A middle-class couple who each have an annual income of $42,500 pay a 20 percent tax rate. On the other hand, because of tax loopholes and tax breaks that coddle millionaires and billionaires, America's 400 wealthiest taxpayers pay on average a mere 18 percent.
In other words, a billionaire like Warren Buffett pays a significantly lower tax rate than his secretary does.
That's unfair, and it goes against our values as Americans. That's why President Obama, Democrats, and even billionaires like Buffett want to put an end to it once and for all. The President has proposed the Buffett Rule, which would require everyone to pay their fair share by closing the loopholes and special tax breaks that let the wealthiest pay a lower tax rate than many middle-class families.
Here's why this matters. Making sure millionaires and billionaires play by the same rules and pay their fair share is key to reducing our deficit and investing in the things we need to grow an economy that's built to last. President Obama laid out the stark choice we face:
"Do we want to keep giving tax breaks to the wealthiest Americans like me or Warren Buffett or Bill Gates—people who don't need them and never asked for them? Or do we want to keep investing in the things that will grow our economy and keep us secure? Because we can't afford to do both."
Over the past decade, instead of investing in the elements of a strong economy, our country has spent hundreds of billions of dollars paying for what was supposed to be a temporary tax break for the wealthiest 2 percent. Now we're on track to spend nearly a trillion dollars more.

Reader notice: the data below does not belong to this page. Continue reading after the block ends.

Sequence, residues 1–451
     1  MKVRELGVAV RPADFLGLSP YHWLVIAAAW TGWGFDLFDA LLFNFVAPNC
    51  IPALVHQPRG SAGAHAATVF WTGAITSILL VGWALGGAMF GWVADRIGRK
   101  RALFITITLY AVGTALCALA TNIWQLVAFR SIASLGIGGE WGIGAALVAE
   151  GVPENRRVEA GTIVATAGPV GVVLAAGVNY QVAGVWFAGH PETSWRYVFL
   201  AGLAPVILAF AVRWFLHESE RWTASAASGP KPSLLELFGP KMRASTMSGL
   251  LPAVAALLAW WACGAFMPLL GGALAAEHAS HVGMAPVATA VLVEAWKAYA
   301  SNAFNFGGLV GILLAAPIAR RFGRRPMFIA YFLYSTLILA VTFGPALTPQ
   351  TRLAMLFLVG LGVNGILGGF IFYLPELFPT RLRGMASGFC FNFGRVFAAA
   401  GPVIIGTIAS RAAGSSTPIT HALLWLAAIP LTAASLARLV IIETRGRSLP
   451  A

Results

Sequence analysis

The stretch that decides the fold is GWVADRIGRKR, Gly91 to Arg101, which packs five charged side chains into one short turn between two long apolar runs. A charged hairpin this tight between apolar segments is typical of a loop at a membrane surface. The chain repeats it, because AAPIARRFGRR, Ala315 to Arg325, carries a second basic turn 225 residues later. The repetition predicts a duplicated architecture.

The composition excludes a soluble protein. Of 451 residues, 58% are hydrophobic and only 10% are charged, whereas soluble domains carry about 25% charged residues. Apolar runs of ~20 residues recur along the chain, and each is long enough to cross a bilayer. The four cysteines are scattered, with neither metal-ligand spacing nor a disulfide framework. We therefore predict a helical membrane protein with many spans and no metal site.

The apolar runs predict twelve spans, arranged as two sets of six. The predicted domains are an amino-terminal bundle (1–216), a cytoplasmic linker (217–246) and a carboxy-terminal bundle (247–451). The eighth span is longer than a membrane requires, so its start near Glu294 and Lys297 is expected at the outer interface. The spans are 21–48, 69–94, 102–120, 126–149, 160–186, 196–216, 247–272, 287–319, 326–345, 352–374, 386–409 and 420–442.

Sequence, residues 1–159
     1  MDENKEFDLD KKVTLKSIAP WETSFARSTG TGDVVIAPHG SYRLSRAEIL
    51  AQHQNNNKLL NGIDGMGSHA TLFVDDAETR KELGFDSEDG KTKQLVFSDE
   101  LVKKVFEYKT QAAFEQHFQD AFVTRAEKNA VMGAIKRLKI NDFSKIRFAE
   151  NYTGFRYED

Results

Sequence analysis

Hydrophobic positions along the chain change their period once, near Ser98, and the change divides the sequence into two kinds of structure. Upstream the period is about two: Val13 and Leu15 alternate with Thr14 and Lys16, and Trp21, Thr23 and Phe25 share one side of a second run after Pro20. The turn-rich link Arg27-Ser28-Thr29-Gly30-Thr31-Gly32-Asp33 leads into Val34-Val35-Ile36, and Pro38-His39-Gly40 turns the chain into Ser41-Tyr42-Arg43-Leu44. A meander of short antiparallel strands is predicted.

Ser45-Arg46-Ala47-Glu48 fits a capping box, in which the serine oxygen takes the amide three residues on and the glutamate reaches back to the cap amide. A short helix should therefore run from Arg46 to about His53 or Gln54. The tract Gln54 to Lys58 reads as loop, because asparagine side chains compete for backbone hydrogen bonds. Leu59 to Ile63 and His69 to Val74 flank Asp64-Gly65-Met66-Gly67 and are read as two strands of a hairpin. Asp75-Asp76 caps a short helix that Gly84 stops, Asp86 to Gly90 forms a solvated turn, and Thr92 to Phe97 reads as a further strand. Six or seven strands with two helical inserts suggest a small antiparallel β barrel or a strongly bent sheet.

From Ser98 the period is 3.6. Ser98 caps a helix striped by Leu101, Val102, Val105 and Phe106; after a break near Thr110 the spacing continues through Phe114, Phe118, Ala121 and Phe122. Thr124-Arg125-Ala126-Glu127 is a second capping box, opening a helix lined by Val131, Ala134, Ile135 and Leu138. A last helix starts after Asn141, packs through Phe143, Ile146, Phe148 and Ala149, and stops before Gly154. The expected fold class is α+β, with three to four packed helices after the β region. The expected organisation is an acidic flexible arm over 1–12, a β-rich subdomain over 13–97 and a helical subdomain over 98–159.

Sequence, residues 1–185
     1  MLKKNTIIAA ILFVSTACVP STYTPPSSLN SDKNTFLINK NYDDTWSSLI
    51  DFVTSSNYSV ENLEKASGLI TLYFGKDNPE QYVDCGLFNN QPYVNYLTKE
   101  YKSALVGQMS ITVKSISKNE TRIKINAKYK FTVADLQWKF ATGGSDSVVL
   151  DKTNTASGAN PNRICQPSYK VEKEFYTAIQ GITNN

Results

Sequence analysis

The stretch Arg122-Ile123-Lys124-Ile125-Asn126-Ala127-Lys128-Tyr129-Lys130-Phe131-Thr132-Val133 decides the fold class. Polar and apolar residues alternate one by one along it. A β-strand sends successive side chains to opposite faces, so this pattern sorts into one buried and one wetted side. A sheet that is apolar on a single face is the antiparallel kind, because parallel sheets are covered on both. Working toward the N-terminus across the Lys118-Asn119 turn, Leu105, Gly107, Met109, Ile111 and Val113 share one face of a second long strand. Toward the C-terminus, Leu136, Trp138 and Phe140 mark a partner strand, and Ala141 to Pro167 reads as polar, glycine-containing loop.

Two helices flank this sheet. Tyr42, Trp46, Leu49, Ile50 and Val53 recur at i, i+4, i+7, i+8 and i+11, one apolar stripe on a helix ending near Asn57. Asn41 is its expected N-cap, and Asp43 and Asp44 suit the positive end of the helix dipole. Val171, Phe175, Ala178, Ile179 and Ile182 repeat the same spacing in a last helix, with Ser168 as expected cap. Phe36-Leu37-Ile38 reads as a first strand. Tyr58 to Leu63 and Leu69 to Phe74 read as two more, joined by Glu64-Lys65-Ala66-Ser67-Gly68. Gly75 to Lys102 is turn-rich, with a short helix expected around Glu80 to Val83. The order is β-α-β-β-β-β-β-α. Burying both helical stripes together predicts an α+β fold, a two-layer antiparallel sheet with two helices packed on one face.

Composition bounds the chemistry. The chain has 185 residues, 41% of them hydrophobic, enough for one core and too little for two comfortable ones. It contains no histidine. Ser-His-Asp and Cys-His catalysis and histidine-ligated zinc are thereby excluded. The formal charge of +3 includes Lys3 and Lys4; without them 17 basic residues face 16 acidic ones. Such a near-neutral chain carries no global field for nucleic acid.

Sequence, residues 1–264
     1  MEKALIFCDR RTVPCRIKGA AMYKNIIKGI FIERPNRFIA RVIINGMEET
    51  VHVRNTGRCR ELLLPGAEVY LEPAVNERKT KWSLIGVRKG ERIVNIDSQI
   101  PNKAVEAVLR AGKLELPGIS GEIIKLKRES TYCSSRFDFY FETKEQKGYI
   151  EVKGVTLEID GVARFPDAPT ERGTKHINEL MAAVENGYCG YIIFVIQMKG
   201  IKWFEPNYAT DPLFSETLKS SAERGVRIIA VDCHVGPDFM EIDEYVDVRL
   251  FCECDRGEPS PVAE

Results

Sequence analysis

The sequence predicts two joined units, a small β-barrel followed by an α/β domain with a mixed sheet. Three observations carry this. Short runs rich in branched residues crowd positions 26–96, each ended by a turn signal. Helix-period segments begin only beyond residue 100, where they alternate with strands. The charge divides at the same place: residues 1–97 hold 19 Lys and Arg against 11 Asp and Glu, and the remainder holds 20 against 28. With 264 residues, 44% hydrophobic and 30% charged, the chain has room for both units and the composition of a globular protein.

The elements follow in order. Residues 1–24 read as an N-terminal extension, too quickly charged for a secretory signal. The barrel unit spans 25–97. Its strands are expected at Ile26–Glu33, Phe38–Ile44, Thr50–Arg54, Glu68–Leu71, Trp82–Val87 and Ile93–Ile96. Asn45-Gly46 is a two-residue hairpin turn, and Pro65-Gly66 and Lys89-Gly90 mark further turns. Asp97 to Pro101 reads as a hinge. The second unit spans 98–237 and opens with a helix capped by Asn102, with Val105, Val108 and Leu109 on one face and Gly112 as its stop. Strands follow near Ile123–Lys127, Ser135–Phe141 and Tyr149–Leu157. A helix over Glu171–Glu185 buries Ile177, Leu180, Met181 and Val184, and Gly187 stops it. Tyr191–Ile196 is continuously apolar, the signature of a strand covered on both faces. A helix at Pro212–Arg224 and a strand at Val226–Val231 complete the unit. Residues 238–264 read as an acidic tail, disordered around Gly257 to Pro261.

The consequences of this inequality are very real. When millionaires get tax breaks they don't need and we can't afford, our deficit either shoots up or we're forced to make up the difference on the backs of those who are already struggling: people like students, seniors, teachers, and veterans. If the Buffett Rule isn't passed, students could have less help paying for college while tuition costs rise. American manufacturers would have a harder time competing in the global market. And we'd have less money to invest in innovation and the jobs of the future. We just can't afford to return to the Republicans' failed you're-on-your-own economic policies.
Just think about this: The Buffett Rule would create up to $32 million in tax revenue from a single millionaire—$32 million that can be put toward reducing our deficit or investing in education, jobs, and infrastructure.
The Buffett Rule matters.
The Senate will vote on this next week, and the Republicans are going to put up a strong fight on this one in order to protect the wealthiest Americans and special interests. And their presidential front-runner has a horse in this race: Mitt Romney pays an astronomically low tax rate—13.9 percent—and if the tax plan he's proposed is any indication, he wants to keep it that way.
It's time to join Warren Buffett in making our voices heard and demanding fairness.
We're sending a strong message to our lawmakers: Pass the Buffett Rule. Add your name, then spread the word.